JLG buys plant

June 24, 1999|By DON AINES

SHIPPENSBURG, Pa. - The Little Tikes plant near here that closed March 31 will reopen in 2000 as a JLG Industries factory with as many as 400 new jobs, JLG said Thursday.

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JLG, which builds aerial work platforms, said in a release that it has signed an agreement to purchase the 300,000-square-foot plant on Walnut Bottom Road.

Director of Corporate Relations Juna Rowland would not reveal what JLG paid for the plant and its 40 acres of land but said the total investment will be about $25 million, including equipment for the plant.

Discussing the planned hiring, Rowland said jobs will be "predominantly new."

"We're looking to expand our work force," Rowland said.

She said the plant will be used to produce existing and new models of boom- and scissor-lift products.

The company announcement said the plant will be in full production by early next year.


"We have a project team evaluating our manufacturing needs in the plant based on our customer needs," Rowland said.

She would not estimate starting wages the company would pay for positions at the plant.

Franklin County Area Development Corp. Executive Director L. Michael Ross said he expects the wages to be competitive with those at Grove Worldwide, Jerr-Dan Corp., Ingersoll-Rand Co. and other major manufacturers in the region.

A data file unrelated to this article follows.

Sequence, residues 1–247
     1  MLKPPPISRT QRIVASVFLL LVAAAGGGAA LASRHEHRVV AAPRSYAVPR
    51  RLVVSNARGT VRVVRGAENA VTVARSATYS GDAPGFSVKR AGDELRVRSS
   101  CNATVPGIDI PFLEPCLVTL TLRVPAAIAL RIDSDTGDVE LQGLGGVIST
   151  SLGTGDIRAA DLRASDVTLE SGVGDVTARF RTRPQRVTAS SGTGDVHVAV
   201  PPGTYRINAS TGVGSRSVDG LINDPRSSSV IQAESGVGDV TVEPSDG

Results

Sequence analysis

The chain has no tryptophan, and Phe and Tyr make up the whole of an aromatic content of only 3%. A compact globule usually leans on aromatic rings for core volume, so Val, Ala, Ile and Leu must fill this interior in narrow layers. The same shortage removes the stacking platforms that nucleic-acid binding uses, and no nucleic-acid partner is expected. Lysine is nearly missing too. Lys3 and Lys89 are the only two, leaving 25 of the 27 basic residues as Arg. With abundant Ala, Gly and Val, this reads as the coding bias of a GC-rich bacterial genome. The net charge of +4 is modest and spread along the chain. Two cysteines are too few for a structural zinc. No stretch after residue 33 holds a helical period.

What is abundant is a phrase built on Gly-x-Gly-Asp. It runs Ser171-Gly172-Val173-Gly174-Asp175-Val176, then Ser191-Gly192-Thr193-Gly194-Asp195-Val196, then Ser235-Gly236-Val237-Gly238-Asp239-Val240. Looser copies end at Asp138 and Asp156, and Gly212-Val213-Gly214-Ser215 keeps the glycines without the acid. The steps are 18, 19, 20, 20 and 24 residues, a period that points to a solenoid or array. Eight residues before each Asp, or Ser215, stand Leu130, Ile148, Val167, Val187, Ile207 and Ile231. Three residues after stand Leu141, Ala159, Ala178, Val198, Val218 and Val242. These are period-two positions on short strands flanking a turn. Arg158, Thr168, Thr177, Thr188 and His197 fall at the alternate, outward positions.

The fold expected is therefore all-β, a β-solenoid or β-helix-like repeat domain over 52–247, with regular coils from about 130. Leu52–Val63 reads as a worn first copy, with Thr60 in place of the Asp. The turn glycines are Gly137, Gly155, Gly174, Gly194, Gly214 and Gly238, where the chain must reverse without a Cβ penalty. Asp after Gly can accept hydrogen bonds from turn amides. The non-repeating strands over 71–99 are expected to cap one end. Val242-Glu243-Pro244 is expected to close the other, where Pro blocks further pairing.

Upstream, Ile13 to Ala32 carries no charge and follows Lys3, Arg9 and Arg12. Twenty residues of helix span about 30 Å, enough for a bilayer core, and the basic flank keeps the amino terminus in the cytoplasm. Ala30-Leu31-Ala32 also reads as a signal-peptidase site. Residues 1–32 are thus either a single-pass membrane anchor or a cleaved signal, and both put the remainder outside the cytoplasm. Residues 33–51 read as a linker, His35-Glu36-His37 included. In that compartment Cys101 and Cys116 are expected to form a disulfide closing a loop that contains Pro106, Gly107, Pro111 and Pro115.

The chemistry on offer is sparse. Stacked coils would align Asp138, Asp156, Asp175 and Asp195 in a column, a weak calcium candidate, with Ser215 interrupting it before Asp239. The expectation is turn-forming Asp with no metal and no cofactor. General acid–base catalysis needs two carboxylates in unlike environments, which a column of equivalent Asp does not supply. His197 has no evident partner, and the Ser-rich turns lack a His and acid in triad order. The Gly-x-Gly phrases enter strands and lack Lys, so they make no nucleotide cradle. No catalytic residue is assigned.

The JLG announcement follows less optimistic economic news.

Last week, Excelsior Manufacturing Co. at Letterkenny Army Depot closed, eliminating 140 jobs.

"We were very fortunate in that we had a company that was looking to expand its operations," Ross said.

He said JLG sought no state assistance, so he did not know the purchase price of the plant.

Fulton County's largest employer, JLG has about 3,000 workers at plants in McConnellsburg and Bedford, Pa., and has sales and service operations in Europe and Australia.

The figure does not include 800 workers at Gradall Inc. plants in New Philadelphia, Pa., and Orrville, Ohio.

JLG completed the purchase of the manufacturer of telescopic material handlers and excavators on Monday for $206 million, or $20 a share.

"We have identified our capacity expansion needs and this facility affords an additional 30 percent of space, not including the Gradall facilities," JLG Chairman and President L. David Black said in the release.

The release said the plant provides easy access to Interstate 81.

Rowland said the purchase of the Little Tikes plant was unrelated to the acquisition of Gradall.

JLG recorded sales of $530 million in its 1998 budget year. Through the first nine months of the current budget year, which ends July 31, company sales were $463 million.

"We're certainly looking at another record year," Rowland said.

Although the Little Tikes plant was situated outside Shippensburg in Cumberland County, Pa., about 70 percent of its work force lived in Franklin County, Ross said.

The plant, which had been in operation for seven years, closed because of excess production capacity, a Little Tikes spokesman said at the time.

The plant made car-shaped beds, climbing sets and other molded plastic toys.

As of Tuesday, more than half of the 300 Little Tikes employees who lost their jobs when the plant closed had found new jobs or were in job training, Ross said.

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